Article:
It’s sweet of you to think of supplies sought on the way up from Delphi, but just bring yourselves and I hope fine experiences of the places you see on the way. Sa vyees ston beegamo ya tin Ithikee, na efkessai nana makreis o dromos, yematos peripeties, yematos gnosees. (first 3 lines of Ithaca) ‘When you set out on your journey to Ithaca, pray that the road is long, full of adventure, full of knowledge....’
I visited Delphi on a mini-bus tour in 1957. My dad sent me off at 16 to be a tourist. “You can always return to these places but first of all see some.” After our enthusiastic and knowledgeable young guide had shown us the museum and its treasures, my travel companions dispersed to their own enjoyments and I stumbled my way down between olives in the quiet of the evening to the valley below surrounded by the tinkling of goat bells interrupting such silence as made my ears ring. I was dusty and scratched when I returned, happy at having so much space to myself.
Here’s an interesting piece by our friend Richard Pine. A clue. To a visitor, steeped in the Classics, enamoured of them even, more of ancient in Greece may come alive observing and experiencing its present, as much as its revered antiquities. The old heroes could be anything but heroic. Greek democracy was often a noisy farce; abusive and vindictive. I sympathise but persevere with the idea. Under Athenian democracy Socrates was condemned to death. Plato regarded democracy as impossible unless protected from popular government by guardian intellects.
Yet follow Thucydides to see the unfolding debacle of the Peloponnesian war under such leaders. Women played no part in public life. Only slavery gave free men time for democracy. It brings to mind the remark about the cuckoo clock by Orson Welles in The Third Man.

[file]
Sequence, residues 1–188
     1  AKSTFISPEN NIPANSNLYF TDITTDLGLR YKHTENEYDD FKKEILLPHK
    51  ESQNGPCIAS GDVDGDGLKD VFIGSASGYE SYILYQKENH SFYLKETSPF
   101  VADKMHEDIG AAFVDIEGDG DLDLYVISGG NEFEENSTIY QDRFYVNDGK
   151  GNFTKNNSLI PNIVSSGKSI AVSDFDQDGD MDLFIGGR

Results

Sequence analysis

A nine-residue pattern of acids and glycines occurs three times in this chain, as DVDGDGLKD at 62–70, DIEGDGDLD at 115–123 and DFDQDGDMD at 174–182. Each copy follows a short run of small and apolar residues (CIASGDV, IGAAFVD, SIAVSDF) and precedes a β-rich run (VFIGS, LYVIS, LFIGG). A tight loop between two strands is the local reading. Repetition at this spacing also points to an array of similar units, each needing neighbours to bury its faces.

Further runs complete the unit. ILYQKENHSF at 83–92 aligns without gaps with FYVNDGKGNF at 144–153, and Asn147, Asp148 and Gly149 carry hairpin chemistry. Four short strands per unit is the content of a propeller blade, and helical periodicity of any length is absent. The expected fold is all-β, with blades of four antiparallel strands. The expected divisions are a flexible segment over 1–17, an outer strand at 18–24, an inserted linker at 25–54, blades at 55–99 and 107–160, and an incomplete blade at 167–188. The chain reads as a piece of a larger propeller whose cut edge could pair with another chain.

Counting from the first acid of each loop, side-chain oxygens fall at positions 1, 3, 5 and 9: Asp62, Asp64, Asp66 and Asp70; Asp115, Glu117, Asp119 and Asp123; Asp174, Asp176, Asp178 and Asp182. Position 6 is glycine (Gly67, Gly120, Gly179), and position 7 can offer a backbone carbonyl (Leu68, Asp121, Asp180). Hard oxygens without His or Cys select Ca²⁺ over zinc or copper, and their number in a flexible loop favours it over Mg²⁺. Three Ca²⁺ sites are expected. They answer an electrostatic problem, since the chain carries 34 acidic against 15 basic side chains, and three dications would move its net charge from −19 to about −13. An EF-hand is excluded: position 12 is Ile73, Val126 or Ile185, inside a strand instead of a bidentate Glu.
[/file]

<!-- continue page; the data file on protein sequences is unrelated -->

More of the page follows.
Don’t buy into the complaint of some modern Greeks that they are the feeble inheritors of an incomparably nobler past. It’s an imposition placed on all of us by sublime sculpture, architecture, drama, fiction historical analysis and philosophy. George Seferis who won the nobel for his poetry wrote of a travelling in time, unable to disentangle himself from the mythologies of the past, or from personal memory, which blends - one with the other.  ‘I woke with this marble head in my hands; it exhausts my elbow and I don’t know where to put it down.’ (from Mythistorema 1935). Love to you both. Simon (in Scotland)

Ξύπνησα με το μαρμάρινο τούτο κεφάλι στα χέρια
που μου εξαντλεί τους αγκώνες και δεν ξέρω πού να
τ’ ακουμπήσω.
Έπεφτε το όνειρο καθώς έβγαινα από το όνειρο
έτσι ενώθηκε η ζωή μας και θα είναι πολύ δύσκολο να
ξαναχωρίσει.

Κοιτάζω τα μάτια. Μήτε ανοιχτά μήτε κλειστά
μιλώ στο στόμα που όλο γυρεύει να μιλήσει
κρατώ τα μάγουλα που ξεπέρασαν το δέρμα.
Δεν έχω άλλη δύναμη

τα χέρια μου χάνουνται και με πλησιάζουν
ακρωτηριασμένα.

I woke with this marble head in my hands;
it exhausts my elbow and I don’t know where to put it down.
It was falling into the dream as I was coming out of the dream
so our life became one and it will be very difficult for it to separate again.

I look at the eyes: neither open nor closed
I speak to the mouth which keeps trying to speak
I hold the cheeks which have broken through the skin.
That’s all I’m able to do.

My hands disappear and come towards me
mutilated.